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TransLink 101: Managing major roads and bridges in Metro Vancouver

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For February 2013, we’re going back to basics with TransLink 101—a series of posts explaining TransLink and its work!

A view down Knight Street (part of the Major Road Network), by on Flickr

When most people think of TransLink, they immediately think of our transit services. But while transit is at the heart of our mandate, TransLink is also responsible for roads and bridges throughout the region, particularly corridors that connect communities and are critical for the movement of both people and goods.

So if you drive in Metro Vancouver, then you probably use roads that TransLink pays municipalities to operate and maintain! Running these roads, bridges, and transit helps TransLink fulfill its job to plan for regional transportation needs as a whole.

The Major Road Network (MRN)

A map of the major road network! MRN is in blue and provincial roads are red.

A map of the major road network! MRN is in blue and provincial roads are red.

TransLink has responsibility for what is called the Major Road Network (MRN), over 2,300 lane kilometres of major arterial roads that connect the cities of our service region. Lane kilometre is a measure of vehicle travel lanes – a one-kilometre long road that has four travel lanes has four lane kilometres of MRN.

Roads that are part of the MRN provide access across municipal boundaries to regional activity centres (e.g. universities, schools, business centres) and carry a high volume of traffic and vehicles that are going longer distances. Roads on the MRN may also carry a high volume of buses and trucks.

If you travel around Metro Vancouver, many of the roads that are part of the MRN will be familiar. For example:

  • Knight Street
  • Kingsway
  • Broadway
  • Lougheed Highway
  • Royal Avenue
  • Fraser Highway
  • King George Boulevard
  • No 2 Road
  • Steveston Highway
  • Old Dewdney Trunk Road
  • Marine Drive and Marine Way
  • Marine Drive (North Shore)

These are just some of the roads in the network, but most of the others are equally recognizable. Take a close look at the map to see if any of the roads you take – by bus or car – are part of the MRN. Chances are good that they are.

What does TransLink do for major roads?

Every year TransLink provides funding to municipalities to operate, maintain and rehabilitate these roads. The specific amount each municipality receives is linked to the number of lane kilometres of MRN it has. The total amount varies from year to year, but in 2013 TransLink is putting $44 million toward this work.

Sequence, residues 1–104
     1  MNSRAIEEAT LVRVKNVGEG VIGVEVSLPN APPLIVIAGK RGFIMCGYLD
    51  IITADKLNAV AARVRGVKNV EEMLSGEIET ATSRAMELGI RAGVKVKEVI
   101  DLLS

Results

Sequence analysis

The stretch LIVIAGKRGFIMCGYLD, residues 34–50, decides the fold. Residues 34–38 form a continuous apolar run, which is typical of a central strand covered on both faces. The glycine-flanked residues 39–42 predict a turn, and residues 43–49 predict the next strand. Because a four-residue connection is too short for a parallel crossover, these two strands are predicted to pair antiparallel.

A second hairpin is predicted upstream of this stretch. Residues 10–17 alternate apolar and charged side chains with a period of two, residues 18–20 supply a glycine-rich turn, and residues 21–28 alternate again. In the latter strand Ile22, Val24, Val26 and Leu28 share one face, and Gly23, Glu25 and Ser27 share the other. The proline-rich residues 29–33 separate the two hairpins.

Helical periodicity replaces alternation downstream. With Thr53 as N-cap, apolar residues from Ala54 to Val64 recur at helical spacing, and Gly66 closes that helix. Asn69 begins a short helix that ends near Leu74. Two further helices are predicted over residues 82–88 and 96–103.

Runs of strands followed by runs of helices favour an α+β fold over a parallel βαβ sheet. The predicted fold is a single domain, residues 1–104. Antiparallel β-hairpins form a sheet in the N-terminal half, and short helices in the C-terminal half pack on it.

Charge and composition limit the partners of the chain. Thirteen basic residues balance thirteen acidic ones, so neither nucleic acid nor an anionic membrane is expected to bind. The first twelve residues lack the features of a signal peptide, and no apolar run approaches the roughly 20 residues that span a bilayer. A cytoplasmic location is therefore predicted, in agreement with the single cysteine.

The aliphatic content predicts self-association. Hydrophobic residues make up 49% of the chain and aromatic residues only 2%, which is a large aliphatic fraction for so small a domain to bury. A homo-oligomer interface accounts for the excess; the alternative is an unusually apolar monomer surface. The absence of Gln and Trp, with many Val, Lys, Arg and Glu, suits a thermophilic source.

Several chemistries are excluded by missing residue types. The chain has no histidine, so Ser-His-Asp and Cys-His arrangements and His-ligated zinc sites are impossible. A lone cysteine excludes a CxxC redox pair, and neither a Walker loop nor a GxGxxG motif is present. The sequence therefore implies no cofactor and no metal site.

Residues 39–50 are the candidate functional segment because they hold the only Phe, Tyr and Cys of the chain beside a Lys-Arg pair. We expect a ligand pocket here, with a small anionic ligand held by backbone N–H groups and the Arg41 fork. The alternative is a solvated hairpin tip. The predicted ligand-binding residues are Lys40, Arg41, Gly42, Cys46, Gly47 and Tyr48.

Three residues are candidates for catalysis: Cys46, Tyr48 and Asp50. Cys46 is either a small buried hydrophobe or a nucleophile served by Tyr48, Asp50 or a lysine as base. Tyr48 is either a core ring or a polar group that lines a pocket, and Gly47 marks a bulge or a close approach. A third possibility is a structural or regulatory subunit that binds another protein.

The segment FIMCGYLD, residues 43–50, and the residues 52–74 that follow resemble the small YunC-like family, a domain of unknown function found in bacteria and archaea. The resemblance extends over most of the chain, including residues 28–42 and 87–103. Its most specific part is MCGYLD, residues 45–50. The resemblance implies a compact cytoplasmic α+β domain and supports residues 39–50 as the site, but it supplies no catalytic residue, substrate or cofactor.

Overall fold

The funding allocated toward the municipalities is earmarked for operations, maintenance and rehabilitation. The list of what this includes is varied, but includes fixing potholes and cracks on the road; improving pavement; maintaining streetlights, signals and signs; maintaining sidewalks; and removing snow. TransLink provides the funding, but each municipality identifies and completes the work needed.

What about upgrades to major roads?

The end result of an MRN upgrade project -- 96 Ave in Surrey was widened to four lanes from two, and got left-turn bays at intersections.

The end result of an MRN upgrade project — 96 Ave in Surrey was widened to four lanes from two, and got left-turn bays at intersections.

TransLink also funds upgrade projects for the major roads, and shares the cost of these with municipalities and other regional partners. Some of the projects are large such as Fraser Highway widening (Surrey and Langley), the Low Level Road Project (North Vancouver), the Coast Meridian Overpass (Port Coquitlam) and the 204 Street Overpass (Langley).

TransLink also helps fund a lot of smaller projects that have a significant day-to-day impact on our roads. These include things like turning bays, geometric improvements, signals for traffic control, or sidewalk widening.